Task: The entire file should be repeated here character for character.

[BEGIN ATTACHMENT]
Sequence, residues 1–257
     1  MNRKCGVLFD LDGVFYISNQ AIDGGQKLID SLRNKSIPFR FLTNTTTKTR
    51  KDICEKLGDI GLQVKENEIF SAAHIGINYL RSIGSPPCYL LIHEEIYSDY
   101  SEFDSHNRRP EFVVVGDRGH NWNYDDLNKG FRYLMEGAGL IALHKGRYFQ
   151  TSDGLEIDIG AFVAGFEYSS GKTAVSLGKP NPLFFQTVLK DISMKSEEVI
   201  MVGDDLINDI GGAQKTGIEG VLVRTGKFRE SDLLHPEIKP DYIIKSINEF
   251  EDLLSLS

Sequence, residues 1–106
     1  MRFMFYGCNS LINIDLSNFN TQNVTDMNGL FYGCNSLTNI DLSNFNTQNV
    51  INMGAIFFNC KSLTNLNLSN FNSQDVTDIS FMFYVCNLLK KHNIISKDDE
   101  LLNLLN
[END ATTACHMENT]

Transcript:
Sequence, residues 1–257
     1  MNRKCGVLFD LDGVFYISNQ AIDGGQKLID SLRNKSIPFR FLTNTTTKTR
    51  KDICEKLGDI GLQVKENEIF SAAHIGINYL RSIGSPPCYL LIHEEIYSDY
   101  SEFDSHNRRP EFVVVGDRGH NWNYDDLNKG FRYLMEGAGL IALHKGRYFQ
   151  TSDGLEIDIG AFVAGFEYSS GKTAVSLGKP NPLFFQTVLK DISMKSEEVI
   201  MVGDDLINDI GGAQKTGIEG VLVRTGKFRE SDLLHPEIKP DYIIKSINEF
   251  EDLLSLS

Sequence, residues 1–106
     1  MRFMFYGCNS LINIDLSNFN TQNVTDMNGL FYGCNSLTNI DLSNFNTQNV
    51  INMGAIFFNC KSLTNLNLSN FNSQDVTDIS FMFYVCNLLK KHNIISKDDE
   101  LLNLLN